Tamika, 26, was raised in a home with parents who were deeply religious. She was adopted and she was aware that she was adopted from an early age.
A part of her always wondered about her birth parents, but she subconsciously felt trying to learn more about them would be a betrayal to her parents. Regularly, people said things like: “you’re so lucky you got adopted” which reinforced the belief that she should feel nothing but gratitude. She never felt fully emotionally connected to her parents, but she did know that they loved her.
When she meets Aaron, she’s smitten. They move quickly. She knows her parents will approve because he shares similar religious beliefs. But as they get closer she can’t help but feel a lack of trust. She regularly goes through his phone. She questions him consistently about where he’s been. She pushes him to propose to prove his loyalty.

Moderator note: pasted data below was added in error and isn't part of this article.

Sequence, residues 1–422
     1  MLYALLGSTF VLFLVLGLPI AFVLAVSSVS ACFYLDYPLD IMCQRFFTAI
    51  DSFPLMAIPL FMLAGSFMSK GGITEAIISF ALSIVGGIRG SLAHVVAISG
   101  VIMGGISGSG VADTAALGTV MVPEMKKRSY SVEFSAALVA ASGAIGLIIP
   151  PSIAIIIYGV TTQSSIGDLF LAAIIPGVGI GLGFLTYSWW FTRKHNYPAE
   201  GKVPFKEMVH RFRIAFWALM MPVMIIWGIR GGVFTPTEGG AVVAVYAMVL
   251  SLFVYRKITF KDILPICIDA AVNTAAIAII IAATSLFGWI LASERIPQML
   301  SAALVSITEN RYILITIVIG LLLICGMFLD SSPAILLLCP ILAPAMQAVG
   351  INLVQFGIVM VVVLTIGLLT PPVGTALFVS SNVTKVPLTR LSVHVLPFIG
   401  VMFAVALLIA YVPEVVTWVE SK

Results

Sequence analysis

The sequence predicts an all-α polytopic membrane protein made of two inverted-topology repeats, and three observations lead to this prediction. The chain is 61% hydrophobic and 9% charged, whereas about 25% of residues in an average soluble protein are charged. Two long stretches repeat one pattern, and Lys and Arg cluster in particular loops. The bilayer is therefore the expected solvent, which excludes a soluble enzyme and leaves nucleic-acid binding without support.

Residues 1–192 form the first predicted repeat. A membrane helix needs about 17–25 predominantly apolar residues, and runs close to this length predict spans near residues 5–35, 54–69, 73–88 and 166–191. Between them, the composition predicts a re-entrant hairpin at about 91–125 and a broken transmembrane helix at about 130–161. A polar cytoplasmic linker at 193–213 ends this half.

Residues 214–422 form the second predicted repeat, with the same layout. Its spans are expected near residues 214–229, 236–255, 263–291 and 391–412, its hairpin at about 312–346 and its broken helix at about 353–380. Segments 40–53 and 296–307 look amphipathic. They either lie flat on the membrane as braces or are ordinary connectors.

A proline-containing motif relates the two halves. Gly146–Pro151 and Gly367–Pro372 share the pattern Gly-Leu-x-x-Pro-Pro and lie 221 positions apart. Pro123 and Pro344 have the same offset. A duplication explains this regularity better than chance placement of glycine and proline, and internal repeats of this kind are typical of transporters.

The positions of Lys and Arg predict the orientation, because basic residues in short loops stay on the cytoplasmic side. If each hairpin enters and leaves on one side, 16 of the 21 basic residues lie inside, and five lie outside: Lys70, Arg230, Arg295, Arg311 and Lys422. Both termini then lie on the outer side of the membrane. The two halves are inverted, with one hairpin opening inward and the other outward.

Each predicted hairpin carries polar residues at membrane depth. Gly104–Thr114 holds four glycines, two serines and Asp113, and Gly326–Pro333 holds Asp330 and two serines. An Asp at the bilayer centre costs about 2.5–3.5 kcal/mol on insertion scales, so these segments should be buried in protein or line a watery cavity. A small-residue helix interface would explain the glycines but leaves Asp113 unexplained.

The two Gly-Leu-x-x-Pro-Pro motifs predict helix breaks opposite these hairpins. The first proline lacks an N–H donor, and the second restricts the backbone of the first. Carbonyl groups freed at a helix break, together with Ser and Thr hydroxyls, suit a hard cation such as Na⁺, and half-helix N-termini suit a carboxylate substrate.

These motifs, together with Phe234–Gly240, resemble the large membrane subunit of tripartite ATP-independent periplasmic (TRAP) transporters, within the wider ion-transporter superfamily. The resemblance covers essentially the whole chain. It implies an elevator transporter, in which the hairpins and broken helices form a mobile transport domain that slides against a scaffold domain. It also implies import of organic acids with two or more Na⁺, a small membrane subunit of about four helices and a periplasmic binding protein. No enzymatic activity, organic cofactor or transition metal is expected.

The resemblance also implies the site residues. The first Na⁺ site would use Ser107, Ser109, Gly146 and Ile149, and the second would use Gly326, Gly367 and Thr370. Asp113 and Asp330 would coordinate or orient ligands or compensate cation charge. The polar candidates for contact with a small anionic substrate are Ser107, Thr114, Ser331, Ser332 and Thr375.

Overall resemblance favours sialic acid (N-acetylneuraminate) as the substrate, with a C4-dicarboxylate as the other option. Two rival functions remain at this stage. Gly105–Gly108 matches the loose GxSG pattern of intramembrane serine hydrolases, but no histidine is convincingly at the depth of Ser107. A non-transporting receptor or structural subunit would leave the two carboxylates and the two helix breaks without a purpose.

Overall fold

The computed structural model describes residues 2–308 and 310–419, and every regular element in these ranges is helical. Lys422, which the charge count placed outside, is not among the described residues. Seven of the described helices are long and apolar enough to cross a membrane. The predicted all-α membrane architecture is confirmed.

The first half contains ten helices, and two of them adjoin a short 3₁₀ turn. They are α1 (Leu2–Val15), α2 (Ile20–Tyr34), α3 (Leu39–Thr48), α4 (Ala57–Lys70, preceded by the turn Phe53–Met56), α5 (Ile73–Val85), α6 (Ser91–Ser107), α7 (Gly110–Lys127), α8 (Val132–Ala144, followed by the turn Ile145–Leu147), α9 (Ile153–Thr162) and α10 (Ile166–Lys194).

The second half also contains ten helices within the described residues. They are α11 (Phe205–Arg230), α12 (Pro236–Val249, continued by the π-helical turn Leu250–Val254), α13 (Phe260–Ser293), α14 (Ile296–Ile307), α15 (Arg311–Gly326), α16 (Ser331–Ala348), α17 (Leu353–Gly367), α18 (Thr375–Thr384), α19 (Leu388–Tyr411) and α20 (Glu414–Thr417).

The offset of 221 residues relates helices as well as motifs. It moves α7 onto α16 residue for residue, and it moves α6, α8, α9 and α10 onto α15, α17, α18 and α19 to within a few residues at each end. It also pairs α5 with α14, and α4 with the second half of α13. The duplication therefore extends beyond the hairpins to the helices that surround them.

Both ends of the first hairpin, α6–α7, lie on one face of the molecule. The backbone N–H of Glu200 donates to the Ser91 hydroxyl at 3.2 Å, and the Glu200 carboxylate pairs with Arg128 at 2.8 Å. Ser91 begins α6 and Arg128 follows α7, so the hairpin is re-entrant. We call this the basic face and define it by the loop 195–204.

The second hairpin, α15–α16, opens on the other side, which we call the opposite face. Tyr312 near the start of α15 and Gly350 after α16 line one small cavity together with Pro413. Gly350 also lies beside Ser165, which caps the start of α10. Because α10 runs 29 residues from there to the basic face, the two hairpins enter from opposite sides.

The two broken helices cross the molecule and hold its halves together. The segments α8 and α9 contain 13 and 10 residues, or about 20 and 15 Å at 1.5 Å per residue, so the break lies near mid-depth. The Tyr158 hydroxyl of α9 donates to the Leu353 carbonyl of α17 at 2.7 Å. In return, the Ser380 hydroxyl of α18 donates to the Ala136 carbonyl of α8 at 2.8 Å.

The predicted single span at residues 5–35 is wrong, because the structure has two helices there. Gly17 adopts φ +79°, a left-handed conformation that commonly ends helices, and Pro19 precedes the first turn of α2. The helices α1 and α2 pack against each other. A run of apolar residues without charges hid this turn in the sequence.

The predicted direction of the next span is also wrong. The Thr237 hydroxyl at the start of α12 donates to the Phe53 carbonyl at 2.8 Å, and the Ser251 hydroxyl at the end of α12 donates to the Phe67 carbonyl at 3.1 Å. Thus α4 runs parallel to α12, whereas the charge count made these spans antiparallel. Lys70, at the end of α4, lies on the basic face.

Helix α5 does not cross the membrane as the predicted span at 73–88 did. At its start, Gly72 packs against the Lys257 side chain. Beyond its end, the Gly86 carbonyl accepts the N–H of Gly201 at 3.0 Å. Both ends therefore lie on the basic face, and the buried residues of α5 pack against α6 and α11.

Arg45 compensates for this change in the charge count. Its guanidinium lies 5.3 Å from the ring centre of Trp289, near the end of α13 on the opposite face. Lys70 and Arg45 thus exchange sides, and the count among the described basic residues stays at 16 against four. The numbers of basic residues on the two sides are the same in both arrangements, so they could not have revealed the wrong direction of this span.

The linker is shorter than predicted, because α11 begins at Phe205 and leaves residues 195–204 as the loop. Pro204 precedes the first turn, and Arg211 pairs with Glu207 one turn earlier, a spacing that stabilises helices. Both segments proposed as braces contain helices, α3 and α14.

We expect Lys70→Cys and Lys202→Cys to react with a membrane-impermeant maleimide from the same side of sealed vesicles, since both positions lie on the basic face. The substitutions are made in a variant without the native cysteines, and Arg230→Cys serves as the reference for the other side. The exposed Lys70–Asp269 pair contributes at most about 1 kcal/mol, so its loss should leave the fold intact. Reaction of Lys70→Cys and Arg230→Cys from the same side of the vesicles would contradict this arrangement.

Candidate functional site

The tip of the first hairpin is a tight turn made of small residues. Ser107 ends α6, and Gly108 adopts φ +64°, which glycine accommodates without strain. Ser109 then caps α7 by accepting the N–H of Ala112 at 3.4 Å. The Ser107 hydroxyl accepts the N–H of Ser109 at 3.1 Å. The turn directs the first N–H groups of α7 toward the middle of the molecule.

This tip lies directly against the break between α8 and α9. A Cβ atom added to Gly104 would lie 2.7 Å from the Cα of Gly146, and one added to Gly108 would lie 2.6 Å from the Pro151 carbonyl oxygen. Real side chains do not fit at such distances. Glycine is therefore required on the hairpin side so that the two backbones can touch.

The voice in her head and the alarm in her body speaks loudly: he will betray you.
Aaron doesn’t know how to cope with her insecurity. In his mind, he’s done nothing but be faithful. He’s feeling exhausted and worn down by allegations. He starts to pull away, which only activates Tamika’s abandonment wound.
She doesn’t have the words to communicate the impact of her adoption trauma — and even if she did she fears she’d hear what she’s heard since she was a child; “you should be grateful.”
She also can’t explain why she’s never felt safe in relationships and that her controlling behavior stems from an unconscious fear that people who love her will eventually leave her.
This is where a third party with a trained ear can be of service; to listen, to interrupt at key points during the conversation and ask questions, and gently guide the client towards seeing if the unconscious is influencing the conscious. There is absolutely no shame or embarrassment about looking at oneself and wanting to live more consciously, changing the course of one’s life for the better.
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